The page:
October 3, 2002
‘Diamond’ Story Has Familiar Ring
Dan Cohen wasn't told what his father did for a living until he was a teenager -- not because his father was an underground criminal or international spy. In fact, Cohen's father was a diamond salesman -- a job rife with risk of robbery.
That's the premise of Cohen's film "Diamond Men," a lighter take on Arthur Miller's "Death of a Salesman" and a tribute to Cohen's late Jewish father.
Eddie Miller (Robert Forster) is an aging diamond man, a quiet type and a widower. As Cohen describes him, "he's lived honestly and been a good worker." No longer insurable since his recent heart attack, Eddie agrees to train his replacement, Bobby Walker (Donnie Wahlberg), to try to keep his job. Walker is an arrogant young guy with a penchant for rock music, fast cars and fast women.
The story delves deeply into the psyches of the two men, whose relationship begins antagonistically, but soon develops into friendship. But one thing we never hear about is religion.
While the diamond business is historically a Jewish industry, this fact is implied, but never stated, in the film. Cohen points out his choices of character names: Eddie's last name is Miller, a Jewish last name and a nod to playwright Arthur Miller. Eddie's late wife is named Sarah.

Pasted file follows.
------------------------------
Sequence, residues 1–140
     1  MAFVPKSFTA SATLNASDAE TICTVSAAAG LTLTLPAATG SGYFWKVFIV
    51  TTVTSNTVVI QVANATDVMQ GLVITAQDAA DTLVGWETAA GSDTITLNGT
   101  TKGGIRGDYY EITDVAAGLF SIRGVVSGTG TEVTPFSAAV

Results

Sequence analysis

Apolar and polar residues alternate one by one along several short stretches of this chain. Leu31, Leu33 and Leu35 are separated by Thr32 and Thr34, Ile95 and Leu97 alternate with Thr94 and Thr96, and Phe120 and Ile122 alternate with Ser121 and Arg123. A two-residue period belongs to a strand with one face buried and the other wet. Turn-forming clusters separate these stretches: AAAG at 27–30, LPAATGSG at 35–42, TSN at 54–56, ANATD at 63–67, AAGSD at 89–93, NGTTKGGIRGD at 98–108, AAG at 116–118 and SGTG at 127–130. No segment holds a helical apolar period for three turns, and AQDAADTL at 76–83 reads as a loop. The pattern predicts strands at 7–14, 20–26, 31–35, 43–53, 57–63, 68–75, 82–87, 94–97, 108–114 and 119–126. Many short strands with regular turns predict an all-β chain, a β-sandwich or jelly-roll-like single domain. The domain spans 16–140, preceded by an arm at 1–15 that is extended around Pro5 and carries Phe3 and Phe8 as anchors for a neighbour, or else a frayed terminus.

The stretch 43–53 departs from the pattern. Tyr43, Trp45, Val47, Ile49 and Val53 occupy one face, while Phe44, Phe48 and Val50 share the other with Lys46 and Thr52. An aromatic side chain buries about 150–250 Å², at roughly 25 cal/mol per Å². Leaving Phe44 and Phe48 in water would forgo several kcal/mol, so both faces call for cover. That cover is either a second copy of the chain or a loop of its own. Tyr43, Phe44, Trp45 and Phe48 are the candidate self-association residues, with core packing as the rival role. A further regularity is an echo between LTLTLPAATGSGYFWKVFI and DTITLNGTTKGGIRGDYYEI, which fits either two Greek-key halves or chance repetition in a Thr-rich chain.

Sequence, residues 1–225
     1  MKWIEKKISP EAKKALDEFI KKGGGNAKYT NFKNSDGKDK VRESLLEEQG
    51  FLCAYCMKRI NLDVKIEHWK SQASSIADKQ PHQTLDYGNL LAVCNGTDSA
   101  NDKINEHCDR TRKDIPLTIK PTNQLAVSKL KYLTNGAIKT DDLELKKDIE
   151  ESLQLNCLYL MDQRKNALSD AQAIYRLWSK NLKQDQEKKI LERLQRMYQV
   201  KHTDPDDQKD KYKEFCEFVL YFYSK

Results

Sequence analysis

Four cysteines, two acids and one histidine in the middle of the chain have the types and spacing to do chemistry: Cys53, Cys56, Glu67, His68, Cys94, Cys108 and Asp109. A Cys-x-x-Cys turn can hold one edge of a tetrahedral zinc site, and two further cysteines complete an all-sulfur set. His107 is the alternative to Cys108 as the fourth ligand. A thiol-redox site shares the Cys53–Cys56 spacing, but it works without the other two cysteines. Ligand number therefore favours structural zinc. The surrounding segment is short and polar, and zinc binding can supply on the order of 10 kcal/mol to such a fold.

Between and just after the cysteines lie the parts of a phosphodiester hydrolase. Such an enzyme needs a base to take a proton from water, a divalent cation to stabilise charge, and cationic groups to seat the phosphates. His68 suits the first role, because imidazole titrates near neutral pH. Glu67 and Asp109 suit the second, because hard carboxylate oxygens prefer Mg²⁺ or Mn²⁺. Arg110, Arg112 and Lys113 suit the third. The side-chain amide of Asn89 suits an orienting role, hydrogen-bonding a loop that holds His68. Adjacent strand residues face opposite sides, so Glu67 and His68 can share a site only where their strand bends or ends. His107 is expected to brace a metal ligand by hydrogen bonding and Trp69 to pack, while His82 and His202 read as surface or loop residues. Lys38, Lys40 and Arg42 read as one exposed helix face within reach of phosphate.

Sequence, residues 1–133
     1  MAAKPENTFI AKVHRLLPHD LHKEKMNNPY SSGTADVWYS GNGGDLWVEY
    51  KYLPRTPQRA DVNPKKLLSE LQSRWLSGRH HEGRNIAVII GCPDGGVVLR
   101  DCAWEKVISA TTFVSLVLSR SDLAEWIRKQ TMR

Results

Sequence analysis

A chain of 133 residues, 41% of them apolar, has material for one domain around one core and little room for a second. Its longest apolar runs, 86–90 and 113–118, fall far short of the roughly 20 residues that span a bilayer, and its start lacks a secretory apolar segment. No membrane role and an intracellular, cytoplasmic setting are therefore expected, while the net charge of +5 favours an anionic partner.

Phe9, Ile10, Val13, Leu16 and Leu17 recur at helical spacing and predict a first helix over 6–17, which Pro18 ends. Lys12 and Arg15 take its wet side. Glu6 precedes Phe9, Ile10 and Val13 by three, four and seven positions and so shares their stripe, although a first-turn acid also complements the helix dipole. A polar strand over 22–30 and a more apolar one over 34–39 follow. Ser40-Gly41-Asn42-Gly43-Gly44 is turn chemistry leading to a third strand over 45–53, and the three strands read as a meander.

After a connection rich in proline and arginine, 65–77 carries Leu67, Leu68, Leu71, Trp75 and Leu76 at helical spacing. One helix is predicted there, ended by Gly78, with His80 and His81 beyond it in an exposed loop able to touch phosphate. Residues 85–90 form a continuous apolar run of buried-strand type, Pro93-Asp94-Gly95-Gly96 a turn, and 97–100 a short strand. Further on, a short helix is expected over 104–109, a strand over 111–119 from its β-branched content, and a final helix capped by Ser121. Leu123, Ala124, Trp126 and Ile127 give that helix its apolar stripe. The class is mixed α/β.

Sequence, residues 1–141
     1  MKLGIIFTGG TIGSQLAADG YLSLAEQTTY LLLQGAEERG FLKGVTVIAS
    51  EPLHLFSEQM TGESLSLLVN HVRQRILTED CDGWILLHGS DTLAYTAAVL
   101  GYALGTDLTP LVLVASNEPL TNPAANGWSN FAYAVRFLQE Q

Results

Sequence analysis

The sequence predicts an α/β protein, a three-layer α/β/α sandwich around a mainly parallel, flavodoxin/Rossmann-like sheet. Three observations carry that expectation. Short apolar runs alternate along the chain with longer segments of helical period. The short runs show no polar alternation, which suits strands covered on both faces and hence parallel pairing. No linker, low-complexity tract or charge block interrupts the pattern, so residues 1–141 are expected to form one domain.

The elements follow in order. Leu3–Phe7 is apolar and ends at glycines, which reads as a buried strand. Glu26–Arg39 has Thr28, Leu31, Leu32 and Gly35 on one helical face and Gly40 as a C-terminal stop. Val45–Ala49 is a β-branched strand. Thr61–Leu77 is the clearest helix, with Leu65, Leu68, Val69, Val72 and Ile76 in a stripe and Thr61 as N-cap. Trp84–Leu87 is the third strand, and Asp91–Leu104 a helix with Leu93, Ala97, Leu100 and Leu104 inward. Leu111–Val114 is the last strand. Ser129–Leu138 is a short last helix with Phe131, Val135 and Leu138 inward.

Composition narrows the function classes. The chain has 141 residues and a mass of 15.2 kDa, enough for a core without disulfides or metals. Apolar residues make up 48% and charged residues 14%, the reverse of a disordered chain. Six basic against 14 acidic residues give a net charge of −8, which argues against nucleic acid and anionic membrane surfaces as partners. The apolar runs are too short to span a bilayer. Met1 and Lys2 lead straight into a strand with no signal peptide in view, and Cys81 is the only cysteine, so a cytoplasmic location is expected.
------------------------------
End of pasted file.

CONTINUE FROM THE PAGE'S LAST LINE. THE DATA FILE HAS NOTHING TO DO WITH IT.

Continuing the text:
"The business, as it used to be in my father's and grandfather's day, was primarily Jews," Cohen said. But "most of the customers are not Jews, and it's a business based on trust," he said. "I didn't want to weigh the movie down with anything additional, because there's so much in there already."
What's in there is a buddy movie, a love story and a sexy diamond caper. It's also an ode to salesmanship. "I wanted to set the record straight from 'Death of a Salesman,'" Cohen said, "and show a guy with a life different from Willy Loman."
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